After months of celebrating, and Zdeno Chara buying $100,000 bottles of champagne, it is time for the Boston Bruins to prepare for another grueling season and attempt to become the first team to repeat as Stanley Cup champions since the '97-98 Red Wings.
With the unfortunate news that Marc Savard will not play again this season, and possibly for the rest of his career, let's see if the Bruins are able to come back and win another one for him. On a side note, I think it was extremely classy of GM Peter Chiarelli to publicly state that the team will petition to have Savard's name on the Cup, and highlights the respect that he has from his fellow teammates.
What happened last season:
On the back of Tim Thomas, the Boston Bruins won the Stanley Cup for the first time since the Bobby Orr era. This past season, Thomas had the best save percentage since the stat started being tracked in 1983. What was so remarkable about their Cup victory was the resiliency they showed at so many different times during the Playoffs.
In the first round against the Canadiens, the Bruins came back in the series after losing the first two games on their own home ice. In the second round, the Flyers goalies ended up beating themselves, so I guess that doesn't count. In the third round—or the round I would like to call, "the round of Tyler Seguin becoming a superstar after two great games," the Bruins defeated a strong and speedy Lightning team, despite a relatively poor series from Tim Thomas, and went on to face the Canucks in the finals. That resiliency continued in the finals, when the Bruins responded after losing the first two games, to come back and win the series, (or maybe Luongo lost the series) in seven games.
While the unbelievable play of Tim Thomas was the main reason the Bruins won the Stanley Cup, people often forget the Bruins were the deepest team in the Eastern Conference and possibly the entire league. While the Canucks and Lightning were coming at them with 40-goal scorers, the Bruins responded by having three lines of players that were capable of scoring 50 points. The top point-getter on the Bruins had only 62 points on the season, despite the collective team being fifth in the NHL in the goals scored category.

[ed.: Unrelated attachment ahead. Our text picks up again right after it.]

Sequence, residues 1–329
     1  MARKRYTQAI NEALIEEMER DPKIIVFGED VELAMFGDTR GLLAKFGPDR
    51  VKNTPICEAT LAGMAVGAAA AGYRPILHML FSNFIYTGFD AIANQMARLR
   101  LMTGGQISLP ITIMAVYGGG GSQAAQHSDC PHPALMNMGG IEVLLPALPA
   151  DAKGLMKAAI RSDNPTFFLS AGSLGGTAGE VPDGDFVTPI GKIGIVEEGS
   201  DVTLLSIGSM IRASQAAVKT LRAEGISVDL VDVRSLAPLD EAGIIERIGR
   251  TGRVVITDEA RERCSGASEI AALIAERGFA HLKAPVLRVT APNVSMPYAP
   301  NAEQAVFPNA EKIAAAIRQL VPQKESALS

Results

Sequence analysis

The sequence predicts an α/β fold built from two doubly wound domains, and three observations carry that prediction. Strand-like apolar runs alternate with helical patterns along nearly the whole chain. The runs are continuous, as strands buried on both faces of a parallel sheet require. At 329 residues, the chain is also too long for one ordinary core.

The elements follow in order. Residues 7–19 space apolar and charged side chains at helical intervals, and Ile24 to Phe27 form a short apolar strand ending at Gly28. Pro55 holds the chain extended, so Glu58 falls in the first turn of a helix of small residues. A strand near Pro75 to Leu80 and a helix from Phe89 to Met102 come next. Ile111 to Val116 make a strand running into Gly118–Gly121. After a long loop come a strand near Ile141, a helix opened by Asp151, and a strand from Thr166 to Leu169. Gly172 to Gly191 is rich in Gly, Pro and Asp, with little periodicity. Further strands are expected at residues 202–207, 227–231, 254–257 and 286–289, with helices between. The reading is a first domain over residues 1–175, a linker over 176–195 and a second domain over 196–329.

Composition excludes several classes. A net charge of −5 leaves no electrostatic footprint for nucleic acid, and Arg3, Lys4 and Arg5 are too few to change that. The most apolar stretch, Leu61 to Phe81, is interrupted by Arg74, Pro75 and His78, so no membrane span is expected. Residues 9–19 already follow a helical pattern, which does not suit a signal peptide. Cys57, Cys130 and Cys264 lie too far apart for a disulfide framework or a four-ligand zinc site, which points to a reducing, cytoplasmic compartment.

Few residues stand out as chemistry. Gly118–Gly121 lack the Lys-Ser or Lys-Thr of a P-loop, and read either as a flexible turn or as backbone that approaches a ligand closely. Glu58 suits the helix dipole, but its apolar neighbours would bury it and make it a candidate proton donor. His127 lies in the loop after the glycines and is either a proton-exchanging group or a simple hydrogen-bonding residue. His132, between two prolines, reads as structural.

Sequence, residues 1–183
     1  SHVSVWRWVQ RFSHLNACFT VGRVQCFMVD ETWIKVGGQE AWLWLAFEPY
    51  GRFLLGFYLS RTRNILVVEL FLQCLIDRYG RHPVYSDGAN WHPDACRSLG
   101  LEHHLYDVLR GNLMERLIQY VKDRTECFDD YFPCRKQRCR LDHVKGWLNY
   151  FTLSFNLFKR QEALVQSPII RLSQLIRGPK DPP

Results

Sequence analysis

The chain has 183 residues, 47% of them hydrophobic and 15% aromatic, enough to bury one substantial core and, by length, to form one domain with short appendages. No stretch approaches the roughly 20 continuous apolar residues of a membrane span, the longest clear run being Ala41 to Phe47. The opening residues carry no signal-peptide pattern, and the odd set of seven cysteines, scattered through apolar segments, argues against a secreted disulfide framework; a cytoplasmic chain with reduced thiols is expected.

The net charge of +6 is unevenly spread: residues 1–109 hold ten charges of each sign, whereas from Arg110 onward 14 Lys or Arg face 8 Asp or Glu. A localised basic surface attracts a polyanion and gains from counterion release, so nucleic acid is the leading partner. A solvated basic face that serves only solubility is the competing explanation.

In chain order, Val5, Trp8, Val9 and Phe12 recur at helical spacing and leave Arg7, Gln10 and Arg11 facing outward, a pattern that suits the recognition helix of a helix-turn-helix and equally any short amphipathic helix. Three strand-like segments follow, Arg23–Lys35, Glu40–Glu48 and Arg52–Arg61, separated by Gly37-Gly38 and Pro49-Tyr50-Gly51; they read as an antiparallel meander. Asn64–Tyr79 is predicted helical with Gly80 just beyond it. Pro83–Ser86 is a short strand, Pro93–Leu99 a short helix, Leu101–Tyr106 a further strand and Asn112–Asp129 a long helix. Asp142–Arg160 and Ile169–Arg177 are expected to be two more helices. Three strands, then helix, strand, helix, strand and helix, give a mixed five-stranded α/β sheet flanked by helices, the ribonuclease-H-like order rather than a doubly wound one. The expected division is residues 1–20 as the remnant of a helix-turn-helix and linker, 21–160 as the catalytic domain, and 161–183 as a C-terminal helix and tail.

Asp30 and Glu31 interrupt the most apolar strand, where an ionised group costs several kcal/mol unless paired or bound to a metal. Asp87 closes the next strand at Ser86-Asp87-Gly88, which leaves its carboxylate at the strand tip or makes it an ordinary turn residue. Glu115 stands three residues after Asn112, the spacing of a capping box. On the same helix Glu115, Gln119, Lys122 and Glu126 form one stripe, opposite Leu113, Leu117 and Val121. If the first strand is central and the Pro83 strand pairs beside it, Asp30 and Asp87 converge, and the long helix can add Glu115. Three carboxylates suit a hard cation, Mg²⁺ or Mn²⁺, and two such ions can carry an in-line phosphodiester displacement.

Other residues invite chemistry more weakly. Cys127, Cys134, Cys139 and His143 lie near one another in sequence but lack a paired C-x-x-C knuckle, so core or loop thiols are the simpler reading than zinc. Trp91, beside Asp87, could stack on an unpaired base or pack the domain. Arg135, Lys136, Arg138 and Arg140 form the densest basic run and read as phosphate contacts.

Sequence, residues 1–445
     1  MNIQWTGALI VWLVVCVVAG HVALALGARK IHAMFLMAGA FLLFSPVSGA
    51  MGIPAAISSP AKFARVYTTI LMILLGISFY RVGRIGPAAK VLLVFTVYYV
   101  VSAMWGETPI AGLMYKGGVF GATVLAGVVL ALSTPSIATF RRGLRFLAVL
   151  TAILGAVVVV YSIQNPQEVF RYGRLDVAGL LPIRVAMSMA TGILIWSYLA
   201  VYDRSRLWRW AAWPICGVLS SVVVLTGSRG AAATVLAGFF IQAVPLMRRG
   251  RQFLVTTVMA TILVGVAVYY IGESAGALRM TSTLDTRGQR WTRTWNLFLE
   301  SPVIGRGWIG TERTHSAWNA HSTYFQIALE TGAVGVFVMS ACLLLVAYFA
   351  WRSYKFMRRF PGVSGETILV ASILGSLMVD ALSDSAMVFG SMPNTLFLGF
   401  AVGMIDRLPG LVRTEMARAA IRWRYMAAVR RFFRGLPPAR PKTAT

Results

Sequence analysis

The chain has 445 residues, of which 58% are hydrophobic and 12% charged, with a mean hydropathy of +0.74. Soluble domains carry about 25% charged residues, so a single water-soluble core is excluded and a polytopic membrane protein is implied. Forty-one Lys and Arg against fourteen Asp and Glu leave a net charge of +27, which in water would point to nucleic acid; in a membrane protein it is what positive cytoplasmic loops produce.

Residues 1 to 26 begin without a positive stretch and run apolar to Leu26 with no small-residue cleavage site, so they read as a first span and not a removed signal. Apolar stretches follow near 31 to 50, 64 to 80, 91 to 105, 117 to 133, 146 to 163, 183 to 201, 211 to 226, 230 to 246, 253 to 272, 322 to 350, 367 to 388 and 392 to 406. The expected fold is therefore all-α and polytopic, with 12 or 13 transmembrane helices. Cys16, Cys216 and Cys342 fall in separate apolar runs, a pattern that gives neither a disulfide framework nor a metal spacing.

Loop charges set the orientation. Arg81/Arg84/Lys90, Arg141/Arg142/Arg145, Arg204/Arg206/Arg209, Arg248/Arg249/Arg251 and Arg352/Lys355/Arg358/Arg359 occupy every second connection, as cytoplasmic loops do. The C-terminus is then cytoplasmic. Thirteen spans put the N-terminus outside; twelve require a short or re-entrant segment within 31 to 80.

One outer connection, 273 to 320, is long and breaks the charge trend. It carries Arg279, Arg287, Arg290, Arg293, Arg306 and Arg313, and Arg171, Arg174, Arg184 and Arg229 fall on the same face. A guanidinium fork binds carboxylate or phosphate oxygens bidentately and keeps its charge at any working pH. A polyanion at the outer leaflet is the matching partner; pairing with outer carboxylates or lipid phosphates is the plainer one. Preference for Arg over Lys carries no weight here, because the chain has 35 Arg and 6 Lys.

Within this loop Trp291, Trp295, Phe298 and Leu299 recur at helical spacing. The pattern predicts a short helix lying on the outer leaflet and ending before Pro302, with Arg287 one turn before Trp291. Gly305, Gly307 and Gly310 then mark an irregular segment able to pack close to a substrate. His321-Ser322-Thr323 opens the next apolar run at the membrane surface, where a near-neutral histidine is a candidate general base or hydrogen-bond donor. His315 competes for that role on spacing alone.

Another impressive aspect of their Stanley Cup run was the gut showed by GM Peter Chiarelli. Chiarelli not only traded some top prospects and picks, but to took key players like Blake Wheeler and Brad Stuart off the current roster; with the foresight to realize the importance that players with the speed and defensive ability, like Chris Kelly and Rich Peverley, offered. As he does every season, Chiarelli continues to make slight improvements to his roster, ensuring the best results from his teams.
Summer Cap Space Available and Team Needs:
For those that watched the Playoffs at all, it was more than obvious the Thomas Kaberle experiment for the most part failed. He had some good games in the Lightning and Canucks series', but by that point he was already relegated to the third defensive pairing. So Chiarelli, in what I consider to be a pride swallowing move, chose to let him walk at the end of the season instead of re-signing the offensive defenceman at $4.25 million.